We sailed across the Salish Sea, my oldest son and I, for Thanksgiving dinner, delayed by long ferry lines and fog. I worked in the morning, layering color with hog bristle brushes: sap green, perylene maroon, lamp black. A swirl of Aztec gold. A holiday means a half day of work, the rest to be made up on Saturday. It costs a lot to live in Seattle.
Departing the dock from downtown, a slight thinning in the clouds allowed a momentary view of just the tops of a few buildings —
Eerie, elusive, my city quickly faded from sight, and we glided silently through salty waters with nothing to mark our place on the planet. All trust given over to the boat's crew.
On land again, late afternoon, we drove the eleven miles to my sister's house through forest and rural pastureland, the fog our enduring companion as darkness settled in amongst the alders and firs.
Hours later, stuffed and sated, we reversed our journey, only this time the wait was in a queue on the side of the road in the dark, car after car compliantly lined up, each awaiting its turn, each filled with passengers much like us — trailing the scents of things mashed and salted, things heaped with cream, the diminishing essences of champagne and coffee.
Only an hour there in that darkness, every so often starting up the engine to roll ahead a dozen feet, to stop again, and wait some more.
When finally our turn came to board the ferry, we drove all the way to the front of the boat, and remained in the car, worn from the day's bustle. A crewman jacketed in reflective stripes stood at the prow, in front of the main car deck and in direct view of the bridge above and behind him, where he kept watch for channel markers, every so often signaling dramatically either left or right. I thought: there must be radar or GPS some other more sophisticated method of navigating the MV Tacoma, a Jumbo Mark II Class Ferry, which can carry 2500 passengers and up to 202 vehicles as it crosses the 202-feet-deep water between Seattle and Bainbridge Island. Again: our absolute trust. I noted the location of life preservers and then felt silly: the water was so calm I could barely even perceive that we were traveling. And how lost could we get? The distance from departure to destination was a mere 10.1 miles.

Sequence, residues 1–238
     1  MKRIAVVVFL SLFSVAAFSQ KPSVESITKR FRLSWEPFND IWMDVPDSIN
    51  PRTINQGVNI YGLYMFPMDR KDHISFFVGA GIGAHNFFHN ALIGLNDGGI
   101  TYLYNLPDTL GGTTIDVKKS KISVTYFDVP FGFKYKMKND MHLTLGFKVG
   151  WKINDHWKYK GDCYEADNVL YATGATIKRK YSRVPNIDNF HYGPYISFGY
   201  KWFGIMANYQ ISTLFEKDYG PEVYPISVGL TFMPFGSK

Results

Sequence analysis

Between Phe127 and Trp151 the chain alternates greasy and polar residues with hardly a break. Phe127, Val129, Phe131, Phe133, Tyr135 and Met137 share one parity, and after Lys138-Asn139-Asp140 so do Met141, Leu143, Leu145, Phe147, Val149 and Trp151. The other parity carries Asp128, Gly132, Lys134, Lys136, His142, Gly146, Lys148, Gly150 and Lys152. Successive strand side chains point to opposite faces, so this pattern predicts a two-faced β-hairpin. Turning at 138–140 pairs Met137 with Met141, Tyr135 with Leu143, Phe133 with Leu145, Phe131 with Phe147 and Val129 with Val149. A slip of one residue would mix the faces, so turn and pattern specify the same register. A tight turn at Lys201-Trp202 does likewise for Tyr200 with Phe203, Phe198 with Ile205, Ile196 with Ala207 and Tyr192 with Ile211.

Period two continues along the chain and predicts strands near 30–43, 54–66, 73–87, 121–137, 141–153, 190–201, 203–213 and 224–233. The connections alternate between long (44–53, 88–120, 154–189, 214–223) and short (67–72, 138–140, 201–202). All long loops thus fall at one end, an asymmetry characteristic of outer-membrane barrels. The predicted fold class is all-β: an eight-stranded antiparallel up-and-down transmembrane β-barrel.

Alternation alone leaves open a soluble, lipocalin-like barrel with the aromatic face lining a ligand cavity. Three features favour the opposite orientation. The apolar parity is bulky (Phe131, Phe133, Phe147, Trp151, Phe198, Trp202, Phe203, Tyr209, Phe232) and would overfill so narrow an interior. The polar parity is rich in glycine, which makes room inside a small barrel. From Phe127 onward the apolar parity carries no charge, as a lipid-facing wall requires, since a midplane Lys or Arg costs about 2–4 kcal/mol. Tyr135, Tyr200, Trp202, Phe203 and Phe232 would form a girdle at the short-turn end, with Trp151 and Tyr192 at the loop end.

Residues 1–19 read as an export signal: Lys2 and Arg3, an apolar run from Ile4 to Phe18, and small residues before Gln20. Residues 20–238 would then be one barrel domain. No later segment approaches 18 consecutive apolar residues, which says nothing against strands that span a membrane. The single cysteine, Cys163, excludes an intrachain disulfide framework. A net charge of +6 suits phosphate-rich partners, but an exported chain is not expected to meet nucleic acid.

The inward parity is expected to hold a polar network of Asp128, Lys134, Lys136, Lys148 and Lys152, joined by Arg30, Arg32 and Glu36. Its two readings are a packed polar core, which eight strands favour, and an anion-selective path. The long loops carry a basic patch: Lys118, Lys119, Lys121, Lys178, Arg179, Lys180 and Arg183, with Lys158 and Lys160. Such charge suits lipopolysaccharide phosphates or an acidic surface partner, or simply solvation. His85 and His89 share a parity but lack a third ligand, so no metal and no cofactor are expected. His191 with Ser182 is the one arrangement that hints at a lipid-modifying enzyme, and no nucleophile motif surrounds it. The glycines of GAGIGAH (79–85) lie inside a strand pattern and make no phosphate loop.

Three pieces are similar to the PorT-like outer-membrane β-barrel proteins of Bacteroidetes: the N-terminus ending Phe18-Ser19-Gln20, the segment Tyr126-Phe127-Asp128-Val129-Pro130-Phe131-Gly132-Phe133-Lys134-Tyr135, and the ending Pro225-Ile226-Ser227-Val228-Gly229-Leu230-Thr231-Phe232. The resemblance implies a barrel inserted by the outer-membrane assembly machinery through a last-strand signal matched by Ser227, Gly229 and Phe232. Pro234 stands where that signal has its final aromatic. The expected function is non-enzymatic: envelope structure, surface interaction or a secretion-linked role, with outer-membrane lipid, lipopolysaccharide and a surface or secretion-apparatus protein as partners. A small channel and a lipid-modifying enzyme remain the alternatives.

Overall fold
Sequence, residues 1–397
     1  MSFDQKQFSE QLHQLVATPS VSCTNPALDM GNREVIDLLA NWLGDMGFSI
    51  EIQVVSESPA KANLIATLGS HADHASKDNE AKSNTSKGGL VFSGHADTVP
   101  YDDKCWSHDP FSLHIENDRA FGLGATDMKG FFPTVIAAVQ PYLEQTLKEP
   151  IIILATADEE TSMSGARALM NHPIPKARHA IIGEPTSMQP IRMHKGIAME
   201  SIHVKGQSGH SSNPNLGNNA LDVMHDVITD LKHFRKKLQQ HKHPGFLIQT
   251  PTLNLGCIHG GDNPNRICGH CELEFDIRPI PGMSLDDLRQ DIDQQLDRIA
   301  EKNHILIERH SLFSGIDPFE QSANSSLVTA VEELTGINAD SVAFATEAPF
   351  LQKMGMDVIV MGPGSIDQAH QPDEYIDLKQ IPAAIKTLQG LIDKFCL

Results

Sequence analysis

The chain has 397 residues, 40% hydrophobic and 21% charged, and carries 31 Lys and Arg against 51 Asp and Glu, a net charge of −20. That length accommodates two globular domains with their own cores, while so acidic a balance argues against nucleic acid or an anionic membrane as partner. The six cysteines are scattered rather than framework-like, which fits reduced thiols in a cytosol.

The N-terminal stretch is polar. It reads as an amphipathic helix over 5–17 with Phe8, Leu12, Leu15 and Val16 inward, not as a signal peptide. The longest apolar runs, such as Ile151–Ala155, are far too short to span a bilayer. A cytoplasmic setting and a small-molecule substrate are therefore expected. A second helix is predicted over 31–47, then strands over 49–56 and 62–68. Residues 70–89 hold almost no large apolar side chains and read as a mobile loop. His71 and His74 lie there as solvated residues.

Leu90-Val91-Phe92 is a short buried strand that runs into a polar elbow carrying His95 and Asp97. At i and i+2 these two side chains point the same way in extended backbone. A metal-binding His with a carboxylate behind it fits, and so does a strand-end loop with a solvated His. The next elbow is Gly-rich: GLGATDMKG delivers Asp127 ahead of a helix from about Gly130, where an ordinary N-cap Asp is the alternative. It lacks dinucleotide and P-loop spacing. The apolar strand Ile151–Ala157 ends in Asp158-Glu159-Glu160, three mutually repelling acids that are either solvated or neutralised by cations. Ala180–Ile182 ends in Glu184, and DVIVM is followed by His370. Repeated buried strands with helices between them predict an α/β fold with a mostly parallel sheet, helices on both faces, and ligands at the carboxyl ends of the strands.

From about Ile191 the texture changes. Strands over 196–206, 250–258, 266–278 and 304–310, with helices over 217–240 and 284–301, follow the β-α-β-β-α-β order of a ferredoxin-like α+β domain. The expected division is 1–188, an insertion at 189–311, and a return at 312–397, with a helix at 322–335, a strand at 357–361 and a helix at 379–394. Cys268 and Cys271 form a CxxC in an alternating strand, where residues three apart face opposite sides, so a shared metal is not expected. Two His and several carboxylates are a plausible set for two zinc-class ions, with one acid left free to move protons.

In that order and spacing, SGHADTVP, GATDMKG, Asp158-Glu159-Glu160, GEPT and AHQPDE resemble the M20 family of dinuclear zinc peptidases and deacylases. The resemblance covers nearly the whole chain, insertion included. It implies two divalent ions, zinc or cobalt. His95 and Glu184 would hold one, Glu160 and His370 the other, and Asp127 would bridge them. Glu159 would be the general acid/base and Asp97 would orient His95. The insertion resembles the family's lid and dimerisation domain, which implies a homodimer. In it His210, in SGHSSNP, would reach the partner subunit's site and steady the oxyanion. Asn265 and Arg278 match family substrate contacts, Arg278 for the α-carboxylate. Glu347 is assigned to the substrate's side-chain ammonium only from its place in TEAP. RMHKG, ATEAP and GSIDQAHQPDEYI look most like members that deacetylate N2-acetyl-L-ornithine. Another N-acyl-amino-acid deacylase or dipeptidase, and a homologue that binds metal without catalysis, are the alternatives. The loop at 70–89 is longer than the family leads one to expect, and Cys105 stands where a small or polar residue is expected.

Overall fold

But there's something about darkness, and then the fog within the darkness, that wants to strip us of our bearings, radar or no radar. GPS be damned. Enveloped in fog and the blackness of a November night on the Salish Sea, we're all helpless, vulnerable idiots.
The fog rolled in through the open car decks, spectral, chilly. I got out once to check if there was anything more to see out in front of the boat other than what I could see from my car, but it was the same: nothing.
About when I thought that Seattle must be coming in to view, she did, faint yellow lights piercing the fog, becoming gradually brighter: the Space Needle, the giant red "E" of the Edgewater Inn, the neon lights of the giant ferris wheel (which weighs 280,300 pounds) on Pier 57: a dazzling spectacle, all of it, as it emerged from sea-level clouds.
And then something more: a flock of cormorants, apparently roused from their saltwater slumber by the boat-roiled waves, flew directly in front of us, one after another, groups of two and three, perhaps several dozen birds in all, black winged figures silhouetted against the Seattle skyline.
My son and I were both stunned into silence —
I exited the boatyard onto Yesler Way, drove a straight line three miles or so to the crest of the hill above the city center, then looped and switch-backed down steep lanes all the way to Lake Washington. Wound my way home along the unlit waterfront drive, endlessly in love with my city.